For our many program participants who wound up in Calgary or Edmonton, they were offered a hotel and food or restaurant vouchers as evacuees. This represents the ‘housing-only’ program model. In the initial 7-10 days of the evacuation, there were very few additional supports available. For example, there were no or limited transportation options for people to get to locations where they could collect essential items like toiletries, clothes, or snacks. There were no or limited counseling and social support check-ins to assist people in connecting to health care or other wellness supports. In Calgary, social worker check-ins began at least a week or more into the evacuation. Most critically, if people consumed drugs or alcohol in ways that broke hotel rules, they were evicted from their hotel rooms without the option to return and without safe alternatives.
In the housing-only model, several of our program participants wound up in Calgary and Edmonton area shelters or on the street in incredibly unsafe situations. Some program participants endured extraordinary trauma. Worst of all, some are still missing. We are working to support participants to share first-hand accounts of their experiences, where they are comfortable doing so.
3. The emergency for individuals experiencing homelessness in Yellowknife is ongoing
Most of us have now returned home. As the temperature drops, as we settle into our homes and recover from the experiences of the summer evacuations, and as we head into a period of territorial political change, we invite you to remember that some community members had no home to leave and no home to return to. While the wildfire emergency is over, is homelessness during a northern winter not its own emergency?
Our neighbours in Yellowknife who want supported housing with harm-reduction and wrap-around supports should have that option. Lack of program spaces is an unacceptable reason why it's not available. This is especially unacceptable given that the vast majority of community members experiencing homelessness are Indigenous peoples whose path to homelessness is the systemic injustices of land theft, racism, and trauma brought about by historic and current colonialism.
YKWS looks forward to the development of Aspen Apartments into supported, harm-reduction-focused housing with wrap-around services. But we estimate approximately 150-200 more of these spaces are needed immediately to address the continuing emergency of homelessness in our community.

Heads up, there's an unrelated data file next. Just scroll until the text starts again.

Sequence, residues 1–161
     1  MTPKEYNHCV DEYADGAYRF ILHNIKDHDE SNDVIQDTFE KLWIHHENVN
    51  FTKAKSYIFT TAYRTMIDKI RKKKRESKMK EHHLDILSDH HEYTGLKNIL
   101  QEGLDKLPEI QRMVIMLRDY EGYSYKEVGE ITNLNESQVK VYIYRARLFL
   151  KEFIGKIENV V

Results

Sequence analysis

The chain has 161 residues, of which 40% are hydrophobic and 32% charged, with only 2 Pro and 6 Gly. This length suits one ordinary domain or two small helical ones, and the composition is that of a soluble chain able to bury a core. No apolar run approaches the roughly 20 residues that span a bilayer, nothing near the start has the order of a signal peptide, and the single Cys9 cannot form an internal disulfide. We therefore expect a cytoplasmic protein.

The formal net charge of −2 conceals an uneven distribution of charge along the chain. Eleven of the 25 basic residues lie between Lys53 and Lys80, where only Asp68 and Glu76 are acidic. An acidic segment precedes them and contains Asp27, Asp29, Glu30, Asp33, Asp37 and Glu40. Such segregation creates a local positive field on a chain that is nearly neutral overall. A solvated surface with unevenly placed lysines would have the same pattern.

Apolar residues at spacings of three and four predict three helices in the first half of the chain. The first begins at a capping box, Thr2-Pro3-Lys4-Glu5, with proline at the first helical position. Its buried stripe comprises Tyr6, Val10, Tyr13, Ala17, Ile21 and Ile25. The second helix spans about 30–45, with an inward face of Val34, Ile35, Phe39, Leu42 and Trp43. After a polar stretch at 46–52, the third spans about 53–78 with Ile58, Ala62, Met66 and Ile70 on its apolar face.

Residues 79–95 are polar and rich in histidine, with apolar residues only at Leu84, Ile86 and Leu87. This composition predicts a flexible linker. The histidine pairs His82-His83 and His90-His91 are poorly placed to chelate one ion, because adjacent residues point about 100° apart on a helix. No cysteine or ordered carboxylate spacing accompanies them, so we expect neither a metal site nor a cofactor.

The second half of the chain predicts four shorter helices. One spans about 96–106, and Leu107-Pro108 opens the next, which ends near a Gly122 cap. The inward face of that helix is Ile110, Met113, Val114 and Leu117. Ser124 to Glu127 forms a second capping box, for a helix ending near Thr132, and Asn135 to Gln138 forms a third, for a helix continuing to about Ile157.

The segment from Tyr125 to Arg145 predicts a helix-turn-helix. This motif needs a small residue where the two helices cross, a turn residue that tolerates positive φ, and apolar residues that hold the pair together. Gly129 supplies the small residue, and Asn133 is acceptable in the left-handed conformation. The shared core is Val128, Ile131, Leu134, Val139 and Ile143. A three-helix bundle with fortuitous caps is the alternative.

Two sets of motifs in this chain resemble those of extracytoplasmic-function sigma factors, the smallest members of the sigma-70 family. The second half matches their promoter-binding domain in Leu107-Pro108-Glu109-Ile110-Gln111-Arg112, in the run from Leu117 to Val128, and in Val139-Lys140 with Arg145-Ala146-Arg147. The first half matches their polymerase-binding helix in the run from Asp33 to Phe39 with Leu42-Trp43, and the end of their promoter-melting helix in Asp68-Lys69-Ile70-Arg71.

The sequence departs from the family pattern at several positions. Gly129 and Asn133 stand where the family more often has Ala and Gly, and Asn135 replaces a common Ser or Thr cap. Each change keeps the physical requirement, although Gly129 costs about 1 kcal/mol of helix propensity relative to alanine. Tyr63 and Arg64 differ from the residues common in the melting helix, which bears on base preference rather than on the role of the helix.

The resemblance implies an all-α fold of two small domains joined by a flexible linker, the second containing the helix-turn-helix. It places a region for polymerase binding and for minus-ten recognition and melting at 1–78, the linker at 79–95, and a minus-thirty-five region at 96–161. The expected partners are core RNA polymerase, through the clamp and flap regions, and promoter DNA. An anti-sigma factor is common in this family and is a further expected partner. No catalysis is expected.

Following the evacuation experience, we invite personal and organizational self-reflection on our collective role in ending homelessness in Yellowknife. We especially ask that all Yellowknife area non-profits involved in supporting community members experiencing homelessness, interested community members, the City of Yellowknife, and the Government of the Northwest Territories all consider their role in the following:
- Establish strong, open relationships and clear communication channels between all essential service providers within Yellowknife who interact with and support the population experiencing homelessness both during declared emergencies and the ongoing emergency of homelessness in Yellowknife.
- Develop at least 150 new supported living housing units that provide wrap-around supports and are founded on harm-reduction.
We believe these two achievable goals would eliminate homelessness in Yellowknife.
The YWKS board of directors thanks the organization’s incredible and dedicated staff. Special thanks to Renee Sanderson, Executive Director, and Zoe Share, Deputy Director for their leadership. As a board, we commit to emergency management planning with staff and program participants to be better prepared for such events in the future. We further commit to helping our staff and program participants heal from the events of the last few weeks, to holding ourselves accountable for our actions, and to advancing meaningful change for a more just community.
The Yellowknife Women’s Society Board of Directors